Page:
MARC Ratings has assigned its financial institution (FI) rating of A+ to MBSB Bank Berhad and a preliminary rating of A+IS to the bank’s proposed RM5.0 billion Sukuk Wakalah programme. The outlook on the ratings is stable.
MBSB Bank’s strength in banking and financing, particularly in personal financing, and a strong capitalisation that has been well supported by its ultimate shareholder, Employees’ Provident Fund (EPF), are key rating factors.
MBSB Bank is a wholly-owned subsidiary of Malaysia Building Society Berhad (MBSB) and was established in February 2018, arising from MBSB’s acquisition of Asian Finance Bank (AFB), a full-fledged Islamic bank. Concurrently, RM41.2 billion worth of Shariah-compliant assets of MBSB were transferred to MBSB Bank. The acquisition was mainly prompted by the need for an Islamic banking licence in line with MBSB group’s plans to become a full-fledged Islamic FI.
As at end-9M2021, MBSB Bank’s total assets stood at RM49.3 billion, of which financing stood at about RM35.1 billion and financial instruments at about RM12.0 billion. We note that MBSB Bank’s financing book mainly comprises personal financing facilities (56.2%) followed by residential property (18.4%) and construction (10.6%). Its personal financing is largely provided to government staff, whose repayment risks are mitigated by salary deduction at source. In regard to housing financing, the bank also collaborates with Cagamas Berhad and Lembaga Pembiayaan Perumahan Sektor Awam to achieve a relatively strong position in government-related housing programmes.
Its gross impaired financing (GIF) ratio, which had been trending down in recent years, rose to 3.47% at end-9M2021 (2020: 2.88%). The rise has been largely attributed to the pandemic-induced impact on the economic sectors, in particular the construction sector. We note that the bank’s GIF ratio is higher than the domestic Islamic banking industry average of 1.34%; the bank’s higher level is due to legacy impairments that are being addressed through increased recovery efforts and write-offs. However, asset quality could come under pressure when the extended moratorium and other assistance measures end. With Common Equity Tier 1 and total capital ratios of 16.7% and 21.4%, MBSB Bank has some buffer to absorb credit impairments. We also note that EPF’s continued support to the bank’s capital levels has been forthcoming by way of dividend reinvestments.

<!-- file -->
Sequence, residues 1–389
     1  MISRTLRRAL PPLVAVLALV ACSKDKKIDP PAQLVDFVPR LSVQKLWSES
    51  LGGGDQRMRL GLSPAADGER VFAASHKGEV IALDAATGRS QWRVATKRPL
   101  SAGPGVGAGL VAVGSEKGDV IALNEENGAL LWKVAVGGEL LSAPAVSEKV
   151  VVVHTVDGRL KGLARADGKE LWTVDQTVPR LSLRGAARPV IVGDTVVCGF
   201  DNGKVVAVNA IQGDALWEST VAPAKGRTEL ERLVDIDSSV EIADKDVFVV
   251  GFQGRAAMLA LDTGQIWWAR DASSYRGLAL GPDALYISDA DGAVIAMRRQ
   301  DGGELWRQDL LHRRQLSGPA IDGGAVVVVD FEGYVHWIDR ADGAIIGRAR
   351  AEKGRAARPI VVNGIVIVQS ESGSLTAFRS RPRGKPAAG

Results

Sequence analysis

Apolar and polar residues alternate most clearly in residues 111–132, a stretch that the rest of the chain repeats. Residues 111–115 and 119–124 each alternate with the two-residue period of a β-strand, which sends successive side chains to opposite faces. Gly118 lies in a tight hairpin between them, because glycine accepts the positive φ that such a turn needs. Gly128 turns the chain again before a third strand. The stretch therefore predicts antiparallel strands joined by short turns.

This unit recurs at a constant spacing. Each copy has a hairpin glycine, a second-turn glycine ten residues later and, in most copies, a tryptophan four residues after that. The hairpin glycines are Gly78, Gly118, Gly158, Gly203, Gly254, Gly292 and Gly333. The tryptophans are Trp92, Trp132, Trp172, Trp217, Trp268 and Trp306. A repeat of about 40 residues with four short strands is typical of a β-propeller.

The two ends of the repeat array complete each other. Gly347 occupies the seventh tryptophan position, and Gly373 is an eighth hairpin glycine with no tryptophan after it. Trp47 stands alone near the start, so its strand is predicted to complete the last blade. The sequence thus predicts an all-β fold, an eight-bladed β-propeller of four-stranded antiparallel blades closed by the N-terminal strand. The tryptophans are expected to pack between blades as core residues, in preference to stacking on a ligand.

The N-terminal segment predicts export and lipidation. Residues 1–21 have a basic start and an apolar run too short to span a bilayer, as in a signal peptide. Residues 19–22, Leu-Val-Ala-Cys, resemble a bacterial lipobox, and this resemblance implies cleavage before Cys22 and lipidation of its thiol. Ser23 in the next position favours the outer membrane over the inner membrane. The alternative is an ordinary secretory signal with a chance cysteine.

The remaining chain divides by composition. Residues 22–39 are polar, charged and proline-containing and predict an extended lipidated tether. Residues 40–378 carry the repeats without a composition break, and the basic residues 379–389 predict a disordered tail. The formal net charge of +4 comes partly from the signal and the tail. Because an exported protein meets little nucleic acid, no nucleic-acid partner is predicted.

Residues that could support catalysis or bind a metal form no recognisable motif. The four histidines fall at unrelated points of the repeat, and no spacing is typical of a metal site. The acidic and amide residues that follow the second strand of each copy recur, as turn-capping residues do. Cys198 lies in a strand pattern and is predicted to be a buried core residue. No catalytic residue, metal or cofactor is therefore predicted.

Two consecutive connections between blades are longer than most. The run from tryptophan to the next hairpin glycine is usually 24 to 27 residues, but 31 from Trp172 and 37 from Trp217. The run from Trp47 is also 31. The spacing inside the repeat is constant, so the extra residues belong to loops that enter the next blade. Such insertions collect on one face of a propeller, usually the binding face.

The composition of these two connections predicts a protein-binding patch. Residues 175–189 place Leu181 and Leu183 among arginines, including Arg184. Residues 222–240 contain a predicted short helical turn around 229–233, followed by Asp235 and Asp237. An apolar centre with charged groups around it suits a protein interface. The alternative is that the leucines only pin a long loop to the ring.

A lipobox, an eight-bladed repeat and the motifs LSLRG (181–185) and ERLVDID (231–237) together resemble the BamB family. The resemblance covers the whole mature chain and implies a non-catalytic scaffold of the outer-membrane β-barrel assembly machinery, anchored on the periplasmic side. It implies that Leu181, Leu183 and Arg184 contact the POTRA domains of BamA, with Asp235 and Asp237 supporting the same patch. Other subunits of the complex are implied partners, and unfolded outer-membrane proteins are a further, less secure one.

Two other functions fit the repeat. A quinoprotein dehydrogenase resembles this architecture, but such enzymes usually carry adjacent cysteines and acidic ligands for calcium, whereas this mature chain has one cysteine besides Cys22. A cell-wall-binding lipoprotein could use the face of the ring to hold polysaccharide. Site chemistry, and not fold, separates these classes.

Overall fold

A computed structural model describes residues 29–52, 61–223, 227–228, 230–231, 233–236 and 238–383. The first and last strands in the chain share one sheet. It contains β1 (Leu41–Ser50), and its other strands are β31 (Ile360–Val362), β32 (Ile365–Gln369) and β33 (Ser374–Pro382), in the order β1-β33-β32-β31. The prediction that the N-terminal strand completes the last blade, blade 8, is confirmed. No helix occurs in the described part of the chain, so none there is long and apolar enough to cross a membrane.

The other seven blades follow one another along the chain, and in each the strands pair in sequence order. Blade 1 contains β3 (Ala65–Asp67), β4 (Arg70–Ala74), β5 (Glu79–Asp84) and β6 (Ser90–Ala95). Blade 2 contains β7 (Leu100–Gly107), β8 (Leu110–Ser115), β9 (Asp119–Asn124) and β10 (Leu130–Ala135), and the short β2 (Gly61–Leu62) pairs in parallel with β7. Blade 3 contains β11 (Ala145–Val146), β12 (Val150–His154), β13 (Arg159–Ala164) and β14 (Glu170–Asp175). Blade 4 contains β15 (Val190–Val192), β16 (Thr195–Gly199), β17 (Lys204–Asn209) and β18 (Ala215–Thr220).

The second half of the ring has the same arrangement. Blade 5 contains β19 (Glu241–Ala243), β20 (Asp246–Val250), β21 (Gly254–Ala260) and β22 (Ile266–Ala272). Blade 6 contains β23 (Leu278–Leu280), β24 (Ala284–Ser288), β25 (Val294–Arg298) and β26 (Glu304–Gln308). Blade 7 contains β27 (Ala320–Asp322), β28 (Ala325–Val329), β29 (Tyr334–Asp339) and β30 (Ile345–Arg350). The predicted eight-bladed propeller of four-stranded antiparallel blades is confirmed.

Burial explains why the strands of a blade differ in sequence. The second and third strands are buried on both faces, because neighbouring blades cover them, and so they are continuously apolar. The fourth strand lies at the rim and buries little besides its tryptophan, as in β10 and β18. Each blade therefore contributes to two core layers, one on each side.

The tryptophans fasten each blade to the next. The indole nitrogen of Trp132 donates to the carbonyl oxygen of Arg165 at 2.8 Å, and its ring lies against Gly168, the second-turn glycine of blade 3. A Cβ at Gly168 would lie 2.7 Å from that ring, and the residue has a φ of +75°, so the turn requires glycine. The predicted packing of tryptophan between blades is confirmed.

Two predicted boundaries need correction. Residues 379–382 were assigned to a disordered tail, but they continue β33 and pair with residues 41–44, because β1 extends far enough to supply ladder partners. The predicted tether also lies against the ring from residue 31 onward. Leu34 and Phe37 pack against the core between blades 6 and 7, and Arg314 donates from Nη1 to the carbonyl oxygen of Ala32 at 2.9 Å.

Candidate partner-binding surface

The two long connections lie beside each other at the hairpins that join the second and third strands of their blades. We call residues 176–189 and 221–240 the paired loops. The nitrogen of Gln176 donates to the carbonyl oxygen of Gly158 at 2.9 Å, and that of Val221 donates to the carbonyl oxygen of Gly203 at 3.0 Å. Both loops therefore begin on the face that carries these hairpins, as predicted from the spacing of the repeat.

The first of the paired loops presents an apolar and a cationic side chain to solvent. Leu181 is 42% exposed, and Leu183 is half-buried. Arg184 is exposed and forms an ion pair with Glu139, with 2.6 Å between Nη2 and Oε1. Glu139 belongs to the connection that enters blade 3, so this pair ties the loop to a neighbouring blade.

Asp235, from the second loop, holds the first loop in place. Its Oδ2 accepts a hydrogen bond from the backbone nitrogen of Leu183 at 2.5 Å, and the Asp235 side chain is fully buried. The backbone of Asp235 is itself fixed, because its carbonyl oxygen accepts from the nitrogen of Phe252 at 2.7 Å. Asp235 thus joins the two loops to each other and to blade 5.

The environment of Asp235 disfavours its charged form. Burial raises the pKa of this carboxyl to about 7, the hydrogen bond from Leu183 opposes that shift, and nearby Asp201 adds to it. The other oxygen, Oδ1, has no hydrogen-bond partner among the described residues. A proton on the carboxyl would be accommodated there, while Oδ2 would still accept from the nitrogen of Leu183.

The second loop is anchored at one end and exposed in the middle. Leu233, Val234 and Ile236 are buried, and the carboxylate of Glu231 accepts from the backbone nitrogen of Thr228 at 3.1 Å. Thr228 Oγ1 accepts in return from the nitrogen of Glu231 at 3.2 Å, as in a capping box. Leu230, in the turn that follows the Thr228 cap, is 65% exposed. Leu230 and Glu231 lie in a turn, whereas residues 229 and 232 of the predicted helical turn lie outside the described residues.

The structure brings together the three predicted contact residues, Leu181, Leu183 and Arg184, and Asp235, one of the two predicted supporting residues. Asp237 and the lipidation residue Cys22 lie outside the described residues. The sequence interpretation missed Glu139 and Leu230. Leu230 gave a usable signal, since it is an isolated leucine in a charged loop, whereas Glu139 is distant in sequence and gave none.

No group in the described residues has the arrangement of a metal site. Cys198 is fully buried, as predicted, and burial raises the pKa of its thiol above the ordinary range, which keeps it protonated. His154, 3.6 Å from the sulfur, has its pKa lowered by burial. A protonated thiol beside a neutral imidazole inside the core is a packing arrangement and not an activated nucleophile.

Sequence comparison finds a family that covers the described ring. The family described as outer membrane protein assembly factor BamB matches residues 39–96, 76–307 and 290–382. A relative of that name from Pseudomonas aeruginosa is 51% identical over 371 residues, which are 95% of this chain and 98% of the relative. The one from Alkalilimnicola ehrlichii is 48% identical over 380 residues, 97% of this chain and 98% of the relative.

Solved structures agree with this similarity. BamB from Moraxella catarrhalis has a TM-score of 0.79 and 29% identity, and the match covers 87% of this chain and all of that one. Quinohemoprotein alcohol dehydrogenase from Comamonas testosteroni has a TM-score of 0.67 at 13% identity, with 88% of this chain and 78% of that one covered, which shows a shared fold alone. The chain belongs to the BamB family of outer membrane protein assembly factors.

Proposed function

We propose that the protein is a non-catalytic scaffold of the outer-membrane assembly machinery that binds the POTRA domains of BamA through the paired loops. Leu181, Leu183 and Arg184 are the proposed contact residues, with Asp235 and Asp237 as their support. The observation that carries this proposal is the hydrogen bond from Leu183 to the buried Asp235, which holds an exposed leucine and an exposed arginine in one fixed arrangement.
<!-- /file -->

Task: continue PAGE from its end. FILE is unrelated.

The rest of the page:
For 9M2021, pre-tax profit rebounded to RM530.6 million (2020: RM379.1 million, impacted by modification loss) while return on assets and equity were 1.05% and 7.28% (2020: 0.59%, 4.20%). As the bank lacks a wide branch network to support CASA deposits, it is largely reliant on government-owned entities for deposits. We expect EPF, as the major shareholder of MBSB with a 65.4% stake, to provide liquidity support to the bank if the need arises. The bank’s liquidity coverage ratio has remained well above Bank Negara Malaysia’s requirement, standing at 284.6% as at end-9M2021 (2020: 193.2%).
Farhan Darham, +603-2717 2945/ email@example.com;
Haziq Najmuddin, +603-2717 2965/ firstname.lastname@example.org;
Mohd Izazee Ismail, +603-2717 2947/ email@example.com.
List related news | List related issues | List related reports